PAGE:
This is critical to Zenko’s “no lock-in” value proposition, as well as to Zenko’s ability to let customers leverage the power and richness of cloud services (analytics, AI, BI, encoding, video indexing, etc.) on top of their data. In the future, Zenko will support user-extensible workflows including custom actions such as filtering, dedupe, compression functionality (some provided as 3rd party plugins).

B&F: Does it optimise WAN transfer?

Jérôme Lécat: No, Zenko does not optimise WAN transfer. A third-party WAN optimisation solution such as Aspera FASP or Signiant could be implemented if needed, as the network transport layer is transparent to Zenko’s HTTP/HTTPS based network access requirements,.

B&F: Zenko supports object data storage in Scality RINGs, Amazon S3, Azure Blob Storage, Google Cloud Storage, Digital Ocean Spaces and Wasabi. So – not IBM’s Cloud, and not public cloud file storage?

Jérôme Lécat: Not in Release 1.0, but Scality Zenko will support additional cloud storage services in the future based on customer demand. One of the most popular requests we have heard recently is Alibaba (the Ali Cloud) for customers with requirements in China and in Alibaba’s new German and UK-based data centres. We have not as of yet heard many requests for IBM’s cloud, however Zenko could be used as a single interface to the multiple clouds IBM offers both on-premises and hosted. We may consider supporting cloud file storage in the future.

A related topic is that Scality believes Zenko to be unique is extended support of the Amazon S3 Cross Region Replication (CRR) API for 1-to-Many replication (the S3 API is only 1-1). This means that Zenko can manage data across multiple storage locations / public clouds at the same time. We believe for all of the other products on the market this is an “or” proposition – meaning, you replicate data to AWS or to Azure or to Google. For Zenko, this is an “and” proposition – you can replicate data to all three clouds (and more) at the same time. When Zenko is deployed on-premises, this 1-to-many data movement saves significant bandwidth and egress charges because data does not have to be moved from public cloud to public cloud.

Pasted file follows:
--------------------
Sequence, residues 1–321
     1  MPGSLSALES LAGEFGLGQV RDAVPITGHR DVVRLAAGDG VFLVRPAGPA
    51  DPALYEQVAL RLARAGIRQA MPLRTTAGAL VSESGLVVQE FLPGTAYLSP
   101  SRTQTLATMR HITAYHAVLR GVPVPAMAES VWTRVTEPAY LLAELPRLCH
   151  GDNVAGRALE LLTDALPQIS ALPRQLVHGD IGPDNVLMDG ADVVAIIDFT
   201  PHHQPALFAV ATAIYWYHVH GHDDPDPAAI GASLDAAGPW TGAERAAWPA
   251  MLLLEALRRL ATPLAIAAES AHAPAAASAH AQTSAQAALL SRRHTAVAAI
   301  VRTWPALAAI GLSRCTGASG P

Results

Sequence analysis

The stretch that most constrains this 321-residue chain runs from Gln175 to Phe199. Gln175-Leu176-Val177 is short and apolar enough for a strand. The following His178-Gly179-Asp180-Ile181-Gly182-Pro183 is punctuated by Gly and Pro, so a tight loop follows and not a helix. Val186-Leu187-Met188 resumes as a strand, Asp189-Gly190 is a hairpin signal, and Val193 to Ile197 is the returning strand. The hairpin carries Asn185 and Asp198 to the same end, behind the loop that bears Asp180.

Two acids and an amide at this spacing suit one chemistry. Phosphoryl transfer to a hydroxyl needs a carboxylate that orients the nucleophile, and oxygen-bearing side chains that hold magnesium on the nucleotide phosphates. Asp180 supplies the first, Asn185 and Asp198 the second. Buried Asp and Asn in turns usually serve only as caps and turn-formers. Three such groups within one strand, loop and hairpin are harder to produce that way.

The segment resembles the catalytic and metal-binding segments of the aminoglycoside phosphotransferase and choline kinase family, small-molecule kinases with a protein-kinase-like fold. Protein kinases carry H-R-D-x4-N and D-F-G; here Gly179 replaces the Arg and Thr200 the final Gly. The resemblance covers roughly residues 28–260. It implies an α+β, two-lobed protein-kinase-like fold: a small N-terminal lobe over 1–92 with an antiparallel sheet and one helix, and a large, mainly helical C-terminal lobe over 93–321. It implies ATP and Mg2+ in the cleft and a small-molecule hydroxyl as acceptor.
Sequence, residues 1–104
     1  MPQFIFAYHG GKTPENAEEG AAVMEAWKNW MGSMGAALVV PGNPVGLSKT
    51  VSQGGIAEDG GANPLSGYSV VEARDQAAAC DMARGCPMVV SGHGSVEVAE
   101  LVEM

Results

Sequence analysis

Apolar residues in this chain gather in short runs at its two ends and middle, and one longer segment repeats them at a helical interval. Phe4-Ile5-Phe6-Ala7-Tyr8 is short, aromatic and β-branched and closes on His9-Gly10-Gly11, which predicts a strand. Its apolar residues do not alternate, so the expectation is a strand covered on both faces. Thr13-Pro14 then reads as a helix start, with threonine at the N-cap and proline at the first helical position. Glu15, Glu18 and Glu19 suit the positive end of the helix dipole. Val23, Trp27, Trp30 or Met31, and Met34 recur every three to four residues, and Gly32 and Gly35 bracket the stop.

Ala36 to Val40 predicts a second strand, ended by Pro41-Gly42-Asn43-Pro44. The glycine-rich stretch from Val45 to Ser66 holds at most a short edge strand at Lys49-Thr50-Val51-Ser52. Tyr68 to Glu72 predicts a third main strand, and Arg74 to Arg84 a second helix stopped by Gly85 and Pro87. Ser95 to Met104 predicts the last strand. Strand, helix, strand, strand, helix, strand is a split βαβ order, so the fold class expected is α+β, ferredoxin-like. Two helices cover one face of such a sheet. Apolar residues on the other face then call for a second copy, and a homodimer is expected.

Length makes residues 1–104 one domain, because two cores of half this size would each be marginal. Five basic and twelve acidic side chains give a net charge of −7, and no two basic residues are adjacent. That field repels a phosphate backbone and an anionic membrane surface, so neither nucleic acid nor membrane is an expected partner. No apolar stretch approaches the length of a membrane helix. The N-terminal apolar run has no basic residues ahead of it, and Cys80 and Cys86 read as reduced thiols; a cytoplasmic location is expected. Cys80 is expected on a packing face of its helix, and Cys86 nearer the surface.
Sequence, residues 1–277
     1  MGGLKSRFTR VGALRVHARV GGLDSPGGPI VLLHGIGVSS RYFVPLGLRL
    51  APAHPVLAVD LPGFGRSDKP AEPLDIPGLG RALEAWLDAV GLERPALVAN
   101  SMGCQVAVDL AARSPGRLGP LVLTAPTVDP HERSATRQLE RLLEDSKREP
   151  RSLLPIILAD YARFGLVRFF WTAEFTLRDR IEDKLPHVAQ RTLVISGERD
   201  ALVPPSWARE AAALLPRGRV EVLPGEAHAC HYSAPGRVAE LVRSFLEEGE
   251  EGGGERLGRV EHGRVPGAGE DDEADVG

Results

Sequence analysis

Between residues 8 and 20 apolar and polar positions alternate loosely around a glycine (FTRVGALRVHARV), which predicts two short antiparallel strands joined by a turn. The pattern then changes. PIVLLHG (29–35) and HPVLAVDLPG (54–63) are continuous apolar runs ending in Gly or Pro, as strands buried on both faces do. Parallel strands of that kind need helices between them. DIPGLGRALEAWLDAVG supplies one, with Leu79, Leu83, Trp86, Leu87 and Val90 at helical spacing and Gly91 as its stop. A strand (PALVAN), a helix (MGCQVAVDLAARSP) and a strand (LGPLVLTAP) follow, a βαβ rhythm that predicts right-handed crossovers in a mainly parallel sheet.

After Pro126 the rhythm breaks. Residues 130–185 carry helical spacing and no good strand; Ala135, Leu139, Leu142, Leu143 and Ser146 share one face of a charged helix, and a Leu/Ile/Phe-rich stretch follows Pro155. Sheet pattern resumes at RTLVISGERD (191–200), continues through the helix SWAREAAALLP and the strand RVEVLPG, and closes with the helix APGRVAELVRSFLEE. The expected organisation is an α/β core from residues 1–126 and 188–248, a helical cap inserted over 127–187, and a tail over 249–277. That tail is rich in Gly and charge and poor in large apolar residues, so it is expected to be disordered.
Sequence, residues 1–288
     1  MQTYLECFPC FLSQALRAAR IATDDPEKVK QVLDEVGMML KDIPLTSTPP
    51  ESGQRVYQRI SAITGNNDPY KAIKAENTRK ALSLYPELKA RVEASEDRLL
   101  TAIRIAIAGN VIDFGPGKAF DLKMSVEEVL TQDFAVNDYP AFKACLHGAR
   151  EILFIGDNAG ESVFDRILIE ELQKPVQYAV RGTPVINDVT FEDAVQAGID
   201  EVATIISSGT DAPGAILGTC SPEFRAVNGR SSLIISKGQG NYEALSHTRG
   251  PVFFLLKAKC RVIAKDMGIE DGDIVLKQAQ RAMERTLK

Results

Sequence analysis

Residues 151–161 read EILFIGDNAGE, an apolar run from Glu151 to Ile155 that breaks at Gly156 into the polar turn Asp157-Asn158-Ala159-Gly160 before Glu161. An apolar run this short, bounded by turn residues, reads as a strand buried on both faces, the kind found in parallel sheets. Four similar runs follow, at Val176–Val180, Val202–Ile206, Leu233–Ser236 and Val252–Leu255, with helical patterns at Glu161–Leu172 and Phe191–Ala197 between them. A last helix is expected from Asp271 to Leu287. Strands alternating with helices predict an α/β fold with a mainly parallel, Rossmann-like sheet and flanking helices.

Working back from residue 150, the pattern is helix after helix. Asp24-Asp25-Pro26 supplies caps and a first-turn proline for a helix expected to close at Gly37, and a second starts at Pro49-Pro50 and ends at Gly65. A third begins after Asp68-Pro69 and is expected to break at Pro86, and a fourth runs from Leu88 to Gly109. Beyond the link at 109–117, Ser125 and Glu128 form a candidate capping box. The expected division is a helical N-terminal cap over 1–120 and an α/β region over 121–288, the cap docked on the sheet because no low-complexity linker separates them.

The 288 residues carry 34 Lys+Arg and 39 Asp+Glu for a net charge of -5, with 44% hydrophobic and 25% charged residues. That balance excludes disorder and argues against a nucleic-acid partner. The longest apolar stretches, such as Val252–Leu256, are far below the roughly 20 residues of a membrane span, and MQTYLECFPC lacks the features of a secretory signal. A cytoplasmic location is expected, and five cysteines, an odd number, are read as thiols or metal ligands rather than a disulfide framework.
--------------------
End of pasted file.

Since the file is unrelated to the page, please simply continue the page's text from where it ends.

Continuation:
B&F: What other object stores are supported other than Scality RING?

Jérôme Lécat: RING in 1.0, but as stated above we have completed successful PoCs with Ceph and will officially support Ceph over S3 in a near-term release. We are also considering Minio and OpenStack Swift based backend storage. We will add other object stores based on customer demand. The more compatible an object store is with the Amazon S3 API, the easier it is to add – Ceph was very straightforward, for example.

B&F: What does Lifecycle Transition and Lifecycle Expiration mean?

Jérôme Lécat: Lifecycle workflows provide the ability to delete or move data to a cheaper storage tier or to a different storage location based on age and other rules. For example, data that is older than one year should be moved from RING to Azure Archive.

Zenko implements the AWS S3 Bucket Lifecycle API, which provides automated object expiration and transition (move) rules and capabilities. Zenko supports the full filtering, metadata tag matching and time-based XML rules language in the AWS API specification. For example, a bucket Lifecycle expiration can be set to expire (delete) all objects matching the pattern /my_files/*.MP4 when they are 90 days old (based on the stored create time value). Lifecycle Transition policies use similar rules to indicate when the Zenko workflow engine should “move” an object (as described previously) from a source location to a new target location (which may be in a different RING or cloud, another region or another storage class/tier within a cloud).

Comment

Scality says of Zenko that it cloud-enables data no matter where it’s stored –  whether cloud, legacy NAS or newer object storage solutions. To repeat ourselves, It provides a single endpoint, a unified interface, through which data can be stored, retrieved, managed and searched across any location; multiple disparate private (on-premises) and public clouds.

Any restriction on the kind of data that can be brought into Zenko’s namespace and administered there weaken’s the Zenko value proposition. At present it’s a controller for data in Scality RINGs and some S3-compatible object stores.

In our view it needs to support file data to fulfil its claim or vision that it cloud-enables data ( not just object of file data but “data”) no matter where it’s stored. That means on-premises filers and public cloud file stores as well. It also needs to widen its object storage coverage universe, with Ceph, Minio and OpenStack Swift already mentioned.

There is a data protection difference between objects and files; files have to backed up; objects do not. If Zenko is going to be a file data as well as an object data controller then will it have to take on responsibility for file data protection?